Sunday, June 26, 2011

There is no other God like mine

Psalm 146:7-9
 He upholds the cause of the oppressed
   and gives food to the hungry.
The LORD sets prisoners free,
 8 the LORD gives sight to the blind,
the LORD lifts up those who are bowed down,
   the LORD loves the righteous.
9 The LORD watches over the foreigner
   and sustains the fatherless and the widow,
   but he frustrates the ways of the wicked.

Psalm 68:4-5
4 Sing to God, sing in praise of his name,
   extol him who rides on the clouds[a];
   rejoice before him—his name is the LORD.
5 A father to the fatherless, a defender of widows,
   is God in his holy dwelling.

He tells us "Do not oppress the widow or the fatherless, the foreigner or the poor. Do not plot evil against each other.Zechariah 7:10

God's heart for adoption

Proverbs 31:8-9

 Speak up for those who cannot speak for themselves, 
   for the rights of all who are destitute. 9 Speak up and judge fairly;
   defend the rights of the poor and needy.


Throughout this journey of adoption I am going to record our steps, funds and heart here on this blog. 
(the paperwork, home prep, legal steps etc.)
I want to record this for anyone that may be contemplating adoption, but is wondering what the whole process entails

(costs of legal fees, home prep, homestudy, travel etc.)
basically we have to raise EVERY SINGLE PENNY for this adoption.

i want to record this for 2 reasons:
1. anyone contemplating adoption to have a ballpark idea of its cost
2. to show what a mountain it is that we have to climb so that all the GLORY due God is given to HIM!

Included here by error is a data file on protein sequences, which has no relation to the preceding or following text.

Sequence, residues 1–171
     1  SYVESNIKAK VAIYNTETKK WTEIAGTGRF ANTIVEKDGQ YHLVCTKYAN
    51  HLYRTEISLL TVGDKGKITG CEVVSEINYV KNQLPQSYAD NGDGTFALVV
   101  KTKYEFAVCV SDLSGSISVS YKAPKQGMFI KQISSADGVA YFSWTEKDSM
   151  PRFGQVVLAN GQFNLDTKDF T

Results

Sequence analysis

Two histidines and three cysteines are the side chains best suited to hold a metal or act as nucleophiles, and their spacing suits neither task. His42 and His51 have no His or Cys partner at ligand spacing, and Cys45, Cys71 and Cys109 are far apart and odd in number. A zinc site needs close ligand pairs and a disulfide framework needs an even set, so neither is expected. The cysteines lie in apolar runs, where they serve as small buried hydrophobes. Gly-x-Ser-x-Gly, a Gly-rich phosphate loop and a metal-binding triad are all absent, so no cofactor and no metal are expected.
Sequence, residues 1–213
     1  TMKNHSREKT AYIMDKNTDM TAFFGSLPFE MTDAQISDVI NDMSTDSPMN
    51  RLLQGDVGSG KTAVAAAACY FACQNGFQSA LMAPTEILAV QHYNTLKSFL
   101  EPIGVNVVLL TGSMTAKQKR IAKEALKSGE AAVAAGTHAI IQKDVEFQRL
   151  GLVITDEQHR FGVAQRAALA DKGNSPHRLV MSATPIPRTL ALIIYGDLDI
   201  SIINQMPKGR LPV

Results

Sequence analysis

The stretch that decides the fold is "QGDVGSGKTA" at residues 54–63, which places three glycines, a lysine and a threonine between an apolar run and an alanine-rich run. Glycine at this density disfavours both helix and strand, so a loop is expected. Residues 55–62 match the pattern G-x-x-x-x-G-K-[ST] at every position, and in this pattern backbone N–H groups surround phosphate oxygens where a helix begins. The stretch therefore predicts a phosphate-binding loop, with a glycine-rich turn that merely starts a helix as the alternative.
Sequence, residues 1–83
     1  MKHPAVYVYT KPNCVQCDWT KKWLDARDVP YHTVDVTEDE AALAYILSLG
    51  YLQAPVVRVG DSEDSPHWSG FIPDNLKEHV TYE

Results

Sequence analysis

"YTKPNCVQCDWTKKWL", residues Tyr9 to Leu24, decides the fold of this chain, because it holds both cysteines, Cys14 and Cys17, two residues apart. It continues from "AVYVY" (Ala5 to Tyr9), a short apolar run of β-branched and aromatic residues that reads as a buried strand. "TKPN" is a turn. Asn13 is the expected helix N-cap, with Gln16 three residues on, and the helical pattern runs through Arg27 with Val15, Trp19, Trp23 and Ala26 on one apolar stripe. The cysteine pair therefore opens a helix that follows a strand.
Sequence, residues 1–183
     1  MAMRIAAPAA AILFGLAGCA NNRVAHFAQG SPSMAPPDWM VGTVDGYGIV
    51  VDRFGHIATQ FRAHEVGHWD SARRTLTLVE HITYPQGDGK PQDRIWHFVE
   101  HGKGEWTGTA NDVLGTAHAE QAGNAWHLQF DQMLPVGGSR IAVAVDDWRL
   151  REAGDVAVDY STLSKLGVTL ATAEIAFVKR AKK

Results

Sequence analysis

(the heart of our family on this journey)
I want to share...
1. what we are feeling thru this process
2. things we are doing to prepare our family and home
3. What is going on personally during this adoption process

Friday, June 24, 2011

Nantew yiye- BLOG NAME CHANGE!!!!

Ok, so originally this blog was "Agoo Little one".
 But being the newbee that I am to all things Ghana-I made a mistake.

"Agoo" was the word just below "Nantew yiye" on the translation website I was looking at.
"Agoo" means to call attention. And "Nantew yiye" means "safe journey". THUS the Blog name change to "Nantew Yiye Little One".
These are words from the Twi (pronounced 'chwee') language. Specifically Ashanti Twi is a language spoken in Ghana by about 7 million people. 

Nantew yiye is pronounced "Nan ti yeah".

(found here on this fun website)

Over the last few days and the first step!

We went over a little bump in the road over the last few days. At first we were told Ghana was shut down for adopting! Then a few hours later we were told it was in process of going hague. Which means you can't do private adoptions, you have to go thru an agency. And after all this we find out that it will end up being better in the end going thru an agency because the children are more protected and we will be able to apply for grants!
So now we are picking our agency. We have been referred to Genereations adoption agency, so we will probably end up going with them.
We finally received our homestudy packet in the mail from Sunnyridge Family Center so we can take our first step to completing our TO DO list of adoption!
What is a homestudy? The link I attatched will have info on that, but basically the homestudy takes 3- 6 months and entails.....
  • Educate and prepare the adoptive family for adoption
  • Evaluate the fitness of the adoptive family
  • Gather information about the prospective parents that will help a social worker connect the family with a child whose needs they can meet

Saturday, June 18, 2011

Another family in process of adopting

I am really enjoying this blog by a family Josh told me about who are adopting from Haiti. I had to share this entry with you and you have to watch the sweet video that is posted at the end! Below is a picture of her with her son while visiting him in Haiti. They are still waiting to bring him home!


This is what I have learned about the area our little one comes from so far 
A Brief History 
(found here)